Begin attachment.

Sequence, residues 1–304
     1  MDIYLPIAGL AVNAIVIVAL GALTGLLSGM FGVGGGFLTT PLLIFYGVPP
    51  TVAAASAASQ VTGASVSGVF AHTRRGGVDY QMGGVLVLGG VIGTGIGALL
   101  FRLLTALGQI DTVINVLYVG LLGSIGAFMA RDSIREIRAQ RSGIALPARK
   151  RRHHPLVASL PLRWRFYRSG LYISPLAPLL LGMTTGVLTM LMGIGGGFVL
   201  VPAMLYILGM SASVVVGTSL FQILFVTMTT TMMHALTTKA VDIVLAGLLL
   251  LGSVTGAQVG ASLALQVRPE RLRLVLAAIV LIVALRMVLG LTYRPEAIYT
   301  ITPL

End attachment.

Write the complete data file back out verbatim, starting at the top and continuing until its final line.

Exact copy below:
Sequence, residues 1–304
     1  MDIYLPIAGL AVNAIVIVAL GALTGLLSGM FGVGGGFLTT PLLIFYGVPP
    51  TVAAASAASQ VTGASVSGVF AHTRRGGVDY QMGGVLVLGG VIGTGIGALL
   101  FRLLTALGQI DTVINVLYVG LLGSIGAFMA RDSIREIRAQ RSGIALPARK
   151  RRHHPLVASL PLRWRFYRSG LYISPLAPLL LGMTTGVLTM LMGIGGGFVL
   201  VPAMLYILGM SASVVVGTSL FQILFVTMTT TMMHALTTKA VDIVLAGLLL
   251  LGSVTGAQVG ASLALQVRPE RLRLVLAAIV LIVALRMVLG LTYRPEAIYT
   301  ITPL